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Walt Disney Prods. v. Filmation Assocs. - 628 F. Supp. 871 (C.D. Cal. 1986)


Under the 1976 Copyright Act, 17 U.S.C.S. §§ 101-914, "copies" are material objects in which a work is fixed by any method now known or later developed, and from which the work can be perceived, reproduced, or otherwise communicated, either directly or with the aid of a machine or device. The definition includes the material object in which the work is first fixed. Further, a work is "fixed" in a tangible medium of expression when its embodiment in a copy is sufficiently permanent or stable to permit it to be perceived, reproduced, or otherwise communicated for a period of more than transitory duration. When the work is prepared over a period of time, the portion of it that has been fixed at any particular time constitutes the work as of that time, and where the work has been prepared in different versions, each version constitutes a separate work. To constitute an actionable copy, therefore, an expression need only be a material object permanently cast in some intelligible form.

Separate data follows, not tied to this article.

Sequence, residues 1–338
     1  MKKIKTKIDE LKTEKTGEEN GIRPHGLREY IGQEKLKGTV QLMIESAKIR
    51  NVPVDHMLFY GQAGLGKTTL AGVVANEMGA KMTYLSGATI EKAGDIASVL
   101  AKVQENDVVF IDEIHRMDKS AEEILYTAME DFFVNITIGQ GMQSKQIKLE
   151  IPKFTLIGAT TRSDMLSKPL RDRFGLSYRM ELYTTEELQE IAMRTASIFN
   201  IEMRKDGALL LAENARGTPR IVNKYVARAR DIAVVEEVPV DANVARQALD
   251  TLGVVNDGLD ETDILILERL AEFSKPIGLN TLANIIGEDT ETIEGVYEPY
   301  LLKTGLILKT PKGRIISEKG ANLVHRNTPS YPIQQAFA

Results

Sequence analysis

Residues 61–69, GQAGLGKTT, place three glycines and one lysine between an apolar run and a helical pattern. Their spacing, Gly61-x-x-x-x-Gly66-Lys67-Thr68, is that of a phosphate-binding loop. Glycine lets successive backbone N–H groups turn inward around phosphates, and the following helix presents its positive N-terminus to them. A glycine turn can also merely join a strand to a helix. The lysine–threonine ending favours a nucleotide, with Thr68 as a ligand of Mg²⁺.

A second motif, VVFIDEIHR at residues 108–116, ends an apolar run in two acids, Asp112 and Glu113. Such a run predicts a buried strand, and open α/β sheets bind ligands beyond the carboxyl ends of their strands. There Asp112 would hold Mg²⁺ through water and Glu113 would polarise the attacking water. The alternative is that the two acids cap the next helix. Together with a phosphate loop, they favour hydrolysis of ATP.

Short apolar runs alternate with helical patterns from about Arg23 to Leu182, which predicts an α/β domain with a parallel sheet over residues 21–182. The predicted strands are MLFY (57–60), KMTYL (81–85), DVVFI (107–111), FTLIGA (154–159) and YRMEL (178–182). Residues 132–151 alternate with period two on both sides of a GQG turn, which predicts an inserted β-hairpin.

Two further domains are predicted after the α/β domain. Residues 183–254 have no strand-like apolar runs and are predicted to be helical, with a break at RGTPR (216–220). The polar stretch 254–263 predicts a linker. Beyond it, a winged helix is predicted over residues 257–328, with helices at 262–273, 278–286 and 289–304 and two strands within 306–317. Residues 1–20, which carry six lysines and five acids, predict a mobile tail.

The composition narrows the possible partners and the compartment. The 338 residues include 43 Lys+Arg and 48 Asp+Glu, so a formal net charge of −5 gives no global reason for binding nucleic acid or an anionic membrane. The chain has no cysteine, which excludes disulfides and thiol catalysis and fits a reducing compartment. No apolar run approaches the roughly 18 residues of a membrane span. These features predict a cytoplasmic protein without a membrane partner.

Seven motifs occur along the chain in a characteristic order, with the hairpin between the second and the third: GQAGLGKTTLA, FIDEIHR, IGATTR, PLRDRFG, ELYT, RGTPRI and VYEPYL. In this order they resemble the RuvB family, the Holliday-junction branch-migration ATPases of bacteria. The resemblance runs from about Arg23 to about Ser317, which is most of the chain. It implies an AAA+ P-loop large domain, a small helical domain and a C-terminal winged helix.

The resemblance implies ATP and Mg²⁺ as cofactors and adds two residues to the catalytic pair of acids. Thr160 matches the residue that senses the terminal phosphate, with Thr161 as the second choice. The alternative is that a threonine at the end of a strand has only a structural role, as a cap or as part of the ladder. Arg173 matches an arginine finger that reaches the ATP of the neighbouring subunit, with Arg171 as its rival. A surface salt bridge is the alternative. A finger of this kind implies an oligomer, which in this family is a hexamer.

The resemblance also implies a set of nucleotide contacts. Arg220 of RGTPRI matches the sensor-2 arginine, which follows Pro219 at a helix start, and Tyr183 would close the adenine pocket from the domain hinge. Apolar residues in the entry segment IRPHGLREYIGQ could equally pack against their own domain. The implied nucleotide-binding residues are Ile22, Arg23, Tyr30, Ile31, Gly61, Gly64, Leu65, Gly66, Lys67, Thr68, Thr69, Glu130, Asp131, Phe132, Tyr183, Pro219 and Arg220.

Plaintiff, owner of copyrights in animated characters, brought an action against defendants under 17 U.S.C.S. § 106 (1) and the Lanham Act, 15 U.S.C.S. 1125 (a), alleging copyright and trademark infringement. Defendants brought a motion for summary judgment arguing that materials created in the production of a motion picture could not be the subject of an action for copyright infringement and that no substantial similarity existed between defendants' works and any of plaintiff's copyrighted works. Defendants also argued that their advertisements were dissimilar to plaintiff's trademarks and that the claims must be dismissed for failure to show actual diversion of sales.


Could the materials created in the production of a motion picture be the subject of an action for copyright infringement?




The motion for summary judgment was denied where the absence of a completed motion picture did not preclude a meaningful comparison of plaintiff's character depictions and film with defendants' materials, a reasonable person could have found substantial similarity between plaintiff's copyrighted materials and defendants' work. Also, the court held that evidence of some of the factors relevant to the showing of a likelihood of confusion was sufficient to show that a consumer of defendants' goods could have been confused by its advertisements.

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